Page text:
'An tOcras Mór' The Great Hunger.

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SWIFTY
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Our story on the famine finishes for now with a Canadian link which I find of interest - that of Grosse-Île. (More on that page in the links below) This little spot is an island about 3 miles long and a mile wide and lies 30 miles to the east and downriver of Quebec. It was first used as a quarantine centre in 1832 when a cholera epidemic struck European immigrants. It was re-opened for the expected influx of Irish immigrants in 1847 and initially it housed 50 beds and enough straw to sleep a further 150.

 

Prior to the expected arrival of the ships during the famine years there was a medical staff of 3 headed by Dr. George Douglas. In 1847 alone 4 doctors sacrificed their lives as a result of caring for the fever-ridden immigrants, one of whom came from Dublin - a Dr. Benson.

 

The first ship to arrive, ten days after preparations were completed, was The Syria, discharging 231 passengers of which 84 needed admission with typhus fever. The first victim to die at Grosse-Ile in 1847 was four year old Ellen Keane.

 

Week by terrible week more arrived needing the help of Grosse-Île and a report by Dr. Douglas, only two weeks after opening, stated that he had 850 patients in his hospital and a further 500 on board ships awaiting admission. Over 100,000 immigrants arrived between Quebec and Grosse-Île in 1847 alone. 398 ships were inspected at Grosse-Île and 26 of these came from Sligo, each ship having an average of 300-400 passengers.

 

The Irish Cemetery at Grosse-Ile

It is estimated there were over 3226 Irish emigrants who died at Grosse-Île and a further 2198 who died on board ship.

Statistics show a total of 5424 Irish people are buried in this place and it is known that over 5,000 died at sea.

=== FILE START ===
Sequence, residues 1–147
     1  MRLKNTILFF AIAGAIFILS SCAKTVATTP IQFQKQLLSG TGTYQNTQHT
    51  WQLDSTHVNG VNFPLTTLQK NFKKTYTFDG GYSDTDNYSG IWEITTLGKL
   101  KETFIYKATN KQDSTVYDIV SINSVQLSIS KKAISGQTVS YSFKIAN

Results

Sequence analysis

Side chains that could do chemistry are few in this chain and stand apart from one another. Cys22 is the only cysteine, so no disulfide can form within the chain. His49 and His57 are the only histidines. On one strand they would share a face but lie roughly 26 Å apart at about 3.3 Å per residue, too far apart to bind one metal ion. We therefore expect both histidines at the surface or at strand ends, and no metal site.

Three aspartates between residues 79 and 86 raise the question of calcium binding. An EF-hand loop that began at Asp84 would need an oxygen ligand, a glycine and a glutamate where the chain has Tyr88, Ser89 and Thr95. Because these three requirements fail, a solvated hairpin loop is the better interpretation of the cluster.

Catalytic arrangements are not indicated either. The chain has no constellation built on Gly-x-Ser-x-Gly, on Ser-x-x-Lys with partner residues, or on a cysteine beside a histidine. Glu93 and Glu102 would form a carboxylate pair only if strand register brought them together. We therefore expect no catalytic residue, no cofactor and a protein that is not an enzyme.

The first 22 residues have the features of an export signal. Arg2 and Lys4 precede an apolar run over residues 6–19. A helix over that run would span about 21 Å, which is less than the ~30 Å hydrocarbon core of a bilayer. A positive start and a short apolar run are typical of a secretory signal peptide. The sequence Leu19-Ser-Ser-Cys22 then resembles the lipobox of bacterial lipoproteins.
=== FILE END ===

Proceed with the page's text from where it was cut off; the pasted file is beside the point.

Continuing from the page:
The Irish cemetery accounts for over 80% of the total buried on Grosse-Île and there is evidence of the mass graves required in 1847.

 

c

A stone celtic cross stands as a memorial to those who died and it is a stark reminder to us all of what famine is about. Famine continues today in this world of plenty - will we ever see it end?

The Celtic Cross, standing at a height of almost 50 feet, was erected by the Ancient Order of Hibernians to honour the memory of all those Irish buried at Grosse-Île.

 

In 1997 a new irish Memorial was errected for the 150th. anniversary of the famine and you can read more about it on the Grosse-Île page.

 

We as a nation have much to be grateful for, particularly to the people of Canada, America and indeed Australia who opened their arms to our starving poor and who continue to welcome those who leave these shores.

 

Celtic Cross at

Grosse-Ile

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In September 1998 I got to visit Canada again and on this trip went to Grosse-Île. You can learn more there about this tiny island, how it weaves through this period in our history and how our transatlantic links were forged. As for me - well if my father's people hadn't stayed behind and survived I wouldn't be here and you wouldn't be reading this page.

And so, this part of our journey concludes, links to the rest of the journey are just below our newsletter subscription.


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WHEN GENOCIDE BECAME "FAMINE" : IRELAND, 1845 - 1850

This petition seeks your support for a campaign to:

* Persuade relevant authors, editors and website content providers to stop using the word ‘Famine’ for what took place in Ireland between 1845 and 1850, and start using terms such as, "The Great Hunger" or 'An tOcras Mór

PETITION LINK- TO CHANGE THE WORD FAMINE http://www.petitions24.com/when_famine_became_genocide_ireland_1845_-_1850


April 10, 2010 at 1:57 PM Flag Quote & Reply

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